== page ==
Our summer was filled with highs and lows.  My paternal Grandmother, Helen Dalke passed away in June.  I was unable to attend the funeral because of Chuck going in for some scheduled testing.  He had been diagnosed with Bladder Cancer in September of 2010, and had multiple proceedures to remove the growths that kept reoccuring (TMI?).  This summer he went through a six week treatment program, which I won’t make you cringe over, that has proved to have been VERY beneficial.  His last “scoping” showed no new growths, and no cancer!  He will start the New year with another scoping, and our fingers and toes are crossed that it will be more of the same.

 

Spin in the Park, an annual local event put on by our area spinning guild, was enhanced with the addition of an angora rabbit show.  Lots of fun!  It allowed Berry to come out and commune with the spinners.  He may not be the sharpest knife in the drawer, but he is one handsome dude!

 

Miranda, one of our home grown beauties, went on to win Best In Show at the Northeast WA Fair, and also the Angora Specialty held at an ARBA  show in October.  She’s gotten enough legs/points for her Grand Championship now and will retire to maternal duties.  More beautiful does, Stella, a Champagne d’Argent and Mora, a Satin Angora also finished up their GC’s.   We have several more rabbits that gathered legs towards their own championships.  Daisy Hill Rabbits rock (do I sound young when I say it that way?).  Can’t be too young, Lily, our Granddaughter entered Kindergarten this fall – and I’m still unclear how that happened!

In August we were surprised, in a not-good-way, when I was diagnosed with Stage 3 Breast Cancer.  Much of our fall has been spent at testing appointments, and undergoing Chemo treatments.

Two more Chemo visits to go, then surgery followed by radiation.  I suspect in many ways it has been harder on Chuck than it has on me.  He has had to watch as the hair has come out (still holding onto a handful of eyelashes at this point), the side effects have caused me to be unwell.  He’s done a wonderful job taking up the slack where the animals are concerned on the days when I can’t make it down to the barn, and all the public contact that I can’t do (i.e. Grocery Shopping, Feedstore) because my immune system can’t be in contact with germs from the general public.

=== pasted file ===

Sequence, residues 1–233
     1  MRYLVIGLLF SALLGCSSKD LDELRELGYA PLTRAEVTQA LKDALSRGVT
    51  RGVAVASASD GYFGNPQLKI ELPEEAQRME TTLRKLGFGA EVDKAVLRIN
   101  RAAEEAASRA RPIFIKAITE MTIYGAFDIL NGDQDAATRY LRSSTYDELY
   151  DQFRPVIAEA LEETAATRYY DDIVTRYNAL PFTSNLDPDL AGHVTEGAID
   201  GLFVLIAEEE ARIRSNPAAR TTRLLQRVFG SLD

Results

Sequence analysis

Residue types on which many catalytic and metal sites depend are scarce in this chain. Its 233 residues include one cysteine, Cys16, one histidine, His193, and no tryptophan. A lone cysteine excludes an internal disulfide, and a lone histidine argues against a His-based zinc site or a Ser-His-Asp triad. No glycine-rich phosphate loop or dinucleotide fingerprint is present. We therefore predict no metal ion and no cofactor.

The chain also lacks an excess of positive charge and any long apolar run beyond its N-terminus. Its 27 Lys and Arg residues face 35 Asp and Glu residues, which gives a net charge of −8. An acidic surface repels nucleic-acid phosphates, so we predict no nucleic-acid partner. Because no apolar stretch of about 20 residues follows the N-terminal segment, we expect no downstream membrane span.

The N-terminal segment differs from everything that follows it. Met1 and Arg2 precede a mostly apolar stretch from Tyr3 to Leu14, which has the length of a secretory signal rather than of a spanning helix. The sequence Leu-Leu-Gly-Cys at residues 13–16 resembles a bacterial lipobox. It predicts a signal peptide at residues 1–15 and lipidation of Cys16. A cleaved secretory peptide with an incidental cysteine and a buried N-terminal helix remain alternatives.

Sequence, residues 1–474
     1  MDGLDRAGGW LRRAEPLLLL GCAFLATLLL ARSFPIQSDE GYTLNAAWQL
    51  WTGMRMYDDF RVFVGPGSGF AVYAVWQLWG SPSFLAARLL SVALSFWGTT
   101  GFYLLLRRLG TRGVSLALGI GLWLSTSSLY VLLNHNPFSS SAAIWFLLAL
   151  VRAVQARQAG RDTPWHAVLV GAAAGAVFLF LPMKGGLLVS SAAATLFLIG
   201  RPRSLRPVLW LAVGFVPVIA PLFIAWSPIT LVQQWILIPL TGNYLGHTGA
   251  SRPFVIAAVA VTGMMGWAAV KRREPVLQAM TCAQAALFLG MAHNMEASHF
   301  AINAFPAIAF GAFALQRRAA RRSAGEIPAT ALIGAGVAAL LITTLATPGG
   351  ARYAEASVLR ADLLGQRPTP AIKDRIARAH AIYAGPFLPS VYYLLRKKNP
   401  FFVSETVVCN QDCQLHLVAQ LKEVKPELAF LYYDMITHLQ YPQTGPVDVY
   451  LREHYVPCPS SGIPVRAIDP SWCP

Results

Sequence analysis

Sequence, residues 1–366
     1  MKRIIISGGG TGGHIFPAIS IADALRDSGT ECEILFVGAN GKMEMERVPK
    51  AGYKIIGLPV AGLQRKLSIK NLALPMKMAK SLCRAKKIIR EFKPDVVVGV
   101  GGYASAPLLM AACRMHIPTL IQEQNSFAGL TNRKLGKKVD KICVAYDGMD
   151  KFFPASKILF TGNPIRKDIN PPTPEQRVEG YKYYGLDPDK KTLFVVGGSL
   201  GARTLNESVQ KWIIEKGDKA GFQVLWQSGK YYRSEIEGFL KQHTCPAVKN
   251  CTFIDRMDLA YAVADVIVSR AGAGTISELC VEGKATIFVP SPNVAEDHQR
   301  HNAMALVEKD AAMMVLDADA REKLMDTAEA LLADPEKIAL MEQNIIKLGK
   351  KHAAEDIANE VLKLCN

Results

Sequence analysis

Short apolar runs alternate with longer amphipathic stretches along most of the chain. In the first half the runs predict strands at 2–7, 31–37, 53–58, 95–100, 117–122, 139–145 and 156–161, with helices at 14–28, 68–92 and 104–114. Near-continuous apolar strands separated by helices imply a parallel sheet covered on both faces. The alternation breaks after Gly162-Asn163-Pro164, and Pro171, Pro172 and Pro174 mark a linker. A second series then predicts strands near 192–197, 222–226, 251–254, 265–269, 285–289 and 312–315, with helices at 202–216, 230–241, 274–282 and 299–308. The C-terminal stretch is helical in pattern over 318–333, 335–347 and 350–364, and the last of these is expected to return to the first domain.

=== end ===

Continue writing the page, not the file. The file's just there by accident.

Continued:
When it gets tough, we’ve been known to take a drive into nature.  It helps us both recenter, and recharge so we can go on.  Thankfully we live right in the middle of an area that is so breathtakingly beautiful.

They held off the first treatment so that we could make a very important trip south to attend Tyler’s Wedding on October 1st.  A big thank you to my Mom and her husband Tom for helping us fiance the trip… I certainly couldn’t have missed this important event

Tyler married a wonderful young woman named Jessica Campoy.  It was a joy to meet her family and feel included in their happiness.  They appreciate Tyler, and have embraced him as a part of their own – which makes me very happy. 

Both my Mom and Dad were able to make it to the wedding, and I enjoyed getting to spend time with both of them.

Not to mention getting to see parts of my family that live around the Sacramento area, including meeting some new little people that have arrived since I was there last, or other people that I haven’t seen in many years (Ex in-laws and out-laws).  Chuck even ran across the fact that a Facebook friend that he had as a neighor in his childhood lived in the small community that we were staying at!  We had a very nice visit with Kristi Hickox… they had many (!) decades of catching up to do!

This fall has found us cutting back on some of our numbers around here.  Several of the Camelids, goats, sheep and rabbits have moved onto other homes (on this planet and beyond).    But we still have plenty to wish you a very Merry Holiday Season, and the most wonderful of New Years.

The young camelid girls Maude and Mattie, 5 months old in this photo.

A young llama man and his Papa.

Some (not all) of the remaining  wooly flock… all would want to join us in best wishes!  And here it comes… the long list… in its unedited entirety.

Sending you our love,

Sue and Chuck

With Angel, Tiger, Konan and Konrad the cats; Iden, Justus, Blue and Katie the dogs; Finley and Kanary the house birds; all the Chickens; Cinnamon and Marjoram the goats; Neida, Huckleberry, Izzie, Henry, Maleka, Turpin, Victor, Liam and Midge the sheep;  Peaches, Farley, Francis, Poppy, Ellie, Kris, Maude, Mattie and Miracle the camelids; and the rabbits: Jaime, Stella, Lottie, Lichen, Mowgli, Manny, Licorice, Reine, Leia, Kasey, Leslie, Muffin, Kanby, Marty, Mora, Marlys, Kamille, Kirsten, Lindor, Mitchell, Minnie, Mickie, Lola, Meredith, Mimi, Marnie, Marco, Layne, Kara, Murphy, Lacy, Kendra, Mimsy, Kiwi, Myron, Mork, Mindy, Mallory, Boots, Myrtle, Mabel, Milly, Kevin, Monica, Mona, Kilgore, Miller, Mathew, Mack, Martha, Beauty, Miranda and Berry!